As with any generalization, there are always exceptions to the rule. But one thing is fairly certain: if you don’t adjust your style to meet the needs of your female clients, you run a high risk of being fired once their male partners have left the picture.1 As women control the majority of the wealth in the US and make 85% of the household buying decisions, including who to hire for financial services, it makes good business sense to make sure your female clients are satisfied.2
Focus on Communication
Advisors are often more accustomed to working with male clients, and you may be more comfortable communicating in a style that appeals to men. However, to best connect with your female clients, it’s vital to communicate in a way that works for them too. While you may have the urge to jump into a lecture about 529 plans, it is best to slow down and ask more feeling-oriented questions first, as women want to feel understood before you offer concrete solutions. Of course, verbalizing thoughts and feelings related to financial decisions is useful for most clients, but with women it is a paramount step toward building and maintaining trust.
Know Where You are Coming From
Before the couple walks in your office, it is vital to identify your own “couples mindset.” A couple’s mindset is the automatic thoughts and beliefs about couples and money. Often these attitudes do not reside in the conscious mind but do impact the work an advisor does with a couple-client. Therefore, understanding how you think and feel about couples and how they manage money is important to identify. This mindset informs the type of couples you want to work with and is often tied to your core values. By doing this internal work upfront, you can more easily demonstrate your expertise, differentiate your services from the competition, and help customer self-select based on the match between what you offer and what they need.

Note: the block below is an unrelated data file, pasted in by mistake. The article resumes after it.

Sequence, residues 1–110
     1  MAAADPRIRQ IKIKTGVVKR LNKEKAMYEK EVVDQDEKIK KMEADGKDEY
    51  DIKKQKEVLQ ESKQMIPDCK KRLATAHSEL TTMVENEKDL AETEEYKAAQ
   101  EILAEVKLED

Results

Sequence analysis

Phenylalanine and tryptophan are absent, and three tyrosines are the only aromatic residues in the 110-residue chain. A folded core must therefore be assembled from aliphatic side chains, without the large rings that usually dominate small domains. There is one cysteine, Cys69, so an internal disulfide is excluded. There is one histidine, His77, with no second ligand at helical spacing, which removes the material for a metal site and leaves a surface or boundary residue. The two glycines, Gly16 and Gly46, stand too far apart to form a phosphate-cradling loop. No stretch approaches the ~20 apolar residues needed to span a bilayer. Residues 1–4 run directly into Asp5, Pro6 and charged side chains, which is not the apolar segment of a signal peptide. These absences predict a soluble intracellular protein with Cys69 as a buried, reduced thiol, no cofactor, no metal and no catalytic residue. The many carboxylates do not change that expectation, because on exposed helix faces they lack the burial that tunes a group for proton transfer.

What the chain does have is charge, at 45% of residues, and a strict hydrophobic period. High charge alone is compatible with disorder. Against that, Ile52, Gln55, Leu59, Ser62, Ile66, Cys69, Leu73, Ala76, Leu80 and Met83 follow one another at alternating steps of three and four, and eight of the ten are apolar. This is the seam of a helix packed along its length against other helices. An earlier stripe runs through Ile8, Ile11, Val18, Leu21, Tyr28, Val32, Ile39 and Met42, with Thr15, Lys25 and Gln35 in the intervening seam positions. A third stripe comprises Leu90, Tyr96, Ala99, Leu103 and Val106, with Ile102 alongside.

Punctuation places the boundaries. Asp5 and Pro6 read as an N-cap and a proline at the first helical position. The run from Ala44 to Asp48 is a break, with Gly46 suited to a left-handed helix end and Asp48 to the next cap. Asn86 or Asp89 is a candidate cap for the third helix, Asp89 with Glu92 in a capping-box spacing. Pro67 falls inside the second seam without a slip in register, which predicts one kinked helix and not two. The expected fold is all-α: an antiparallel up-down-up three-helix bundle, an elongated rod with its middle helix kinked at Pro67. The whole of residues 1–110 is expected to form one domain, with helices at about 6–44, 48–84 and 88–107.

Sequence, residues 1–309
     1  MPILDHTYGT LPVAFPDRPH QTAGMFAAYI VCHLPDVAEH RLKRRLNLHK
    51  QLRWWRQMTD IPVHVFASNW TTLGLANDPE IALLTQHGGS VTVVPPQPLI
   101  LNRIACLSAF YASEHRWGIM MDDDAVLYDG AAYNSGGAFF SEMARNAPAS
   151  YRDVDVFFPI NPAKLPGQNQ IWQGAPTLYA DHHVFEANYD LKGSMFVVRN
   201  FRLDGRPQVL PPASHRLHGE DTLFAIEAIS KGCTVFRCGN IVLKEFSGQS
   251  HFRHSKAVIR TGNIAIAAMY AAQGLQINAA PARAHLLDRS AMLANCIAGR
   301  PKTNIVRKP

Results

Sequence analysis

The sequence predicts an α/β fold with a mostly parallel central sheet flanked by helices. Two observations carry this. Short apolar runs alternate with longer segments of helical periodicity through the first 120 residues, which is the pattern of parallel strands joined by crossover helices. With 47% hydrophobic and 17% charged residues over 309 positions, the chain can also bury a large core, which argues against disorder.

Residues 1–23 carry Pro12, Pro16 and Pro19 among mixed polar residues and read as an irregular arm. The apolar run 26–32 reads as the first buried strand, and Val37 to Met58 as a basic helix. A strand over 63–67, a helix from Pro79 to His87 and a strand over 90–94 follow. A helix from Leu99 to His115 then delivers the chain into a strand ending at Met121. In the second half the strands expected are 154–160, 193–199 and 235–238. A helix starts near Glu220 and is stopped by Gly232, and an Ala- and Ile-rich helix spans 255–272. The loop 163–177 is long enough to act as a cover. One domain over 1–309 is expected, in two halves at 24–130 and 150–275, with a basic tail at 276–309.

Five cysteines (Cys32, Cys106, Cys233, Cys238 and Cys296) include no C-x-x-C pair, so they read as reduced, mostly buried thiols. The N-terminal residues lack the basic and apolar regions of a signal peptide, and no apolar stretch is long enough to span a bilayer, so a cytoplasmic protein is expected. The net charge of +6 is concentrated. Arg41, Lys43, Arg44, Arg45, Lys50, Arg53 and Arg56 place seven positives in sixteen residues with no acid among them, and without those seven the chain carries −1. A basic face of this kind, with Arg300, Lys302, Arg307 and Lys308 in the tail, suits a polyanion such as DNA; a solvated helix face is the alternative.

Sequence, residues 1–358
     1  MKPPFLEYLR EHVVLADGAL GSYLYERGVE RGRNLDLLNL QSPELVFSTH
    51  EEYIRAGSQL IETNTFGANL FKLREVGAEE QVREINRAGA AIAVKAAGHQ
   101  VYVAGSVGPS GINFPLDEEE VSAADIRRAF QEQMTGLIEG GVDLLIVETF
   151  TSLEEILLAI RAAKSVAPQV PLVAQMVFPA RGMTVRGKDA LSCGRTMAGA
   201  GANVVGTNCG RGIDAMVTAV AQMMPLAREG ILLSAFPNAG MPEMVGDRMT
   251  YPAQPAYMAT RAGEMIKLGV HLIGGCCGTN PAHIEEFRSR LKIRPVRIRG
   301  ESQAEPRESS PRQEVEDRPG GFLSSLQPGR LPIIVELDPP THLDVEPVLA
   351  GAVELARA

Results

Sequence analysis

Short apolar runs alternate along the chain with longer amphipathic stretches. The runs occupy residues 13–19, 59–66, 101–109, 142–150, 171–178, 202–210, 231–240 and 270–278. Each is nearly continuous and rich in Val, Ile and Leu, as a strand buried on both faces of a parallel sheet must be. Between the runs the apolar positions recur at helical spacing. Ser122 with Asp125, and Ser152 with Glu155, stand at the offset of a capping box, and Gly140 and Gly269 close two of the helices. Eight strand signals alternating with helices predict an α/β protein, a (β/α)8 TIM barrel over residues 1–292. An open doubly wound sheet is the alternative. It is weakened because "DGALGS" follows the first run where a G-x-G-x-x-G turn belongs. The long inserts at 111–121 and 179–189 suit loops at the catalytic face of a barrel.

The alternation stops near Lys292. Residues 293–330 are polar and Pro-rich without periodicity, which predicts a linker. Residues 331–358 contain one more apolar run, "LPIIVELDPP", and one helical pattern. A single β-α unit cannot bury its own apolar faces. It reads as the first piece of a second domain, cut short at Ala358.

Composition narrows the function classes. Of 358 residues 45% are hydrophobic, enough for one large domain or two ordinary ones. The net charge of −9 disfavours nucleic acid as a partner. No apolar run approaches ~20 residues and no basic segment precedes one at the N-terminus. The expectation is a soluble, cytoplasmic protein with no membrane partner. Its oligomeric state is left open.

Practicing in a couple-friendly way is not only good for your clients, it is good for your business. By attending to both partners’ needs in the meeting and including both in the discussion, you decrease the risk of alienating one of the partners, especially the female client. At the same time, you increase the likelihood that her partner will trust you to help her should this person pass first. When a couple hires you and trusts you, you acquire more assets—his, hers, and theirs. Not only is this approach client-centric, it is also likely to increase the longevity of your business.
1 K. Wojnar and C. Meek, “Women’s Views of Wealth and the Planning Process: It’s Their Values That Matter, Not Just Their Value,” Advisor Perspectives, 5, no. 9 (March, 2011): 2, http://www.advisorperspectives .com/newsletters11/pdfs/Womens_Views_of_Wealth_and_the_Planning_ Process.pdf.
2 Liza Mundy, The Richer Sex: How the New Majority of Female Breadwinners Is Transforming Sex, Love and Family (New York: Simon & Schuster, 2012)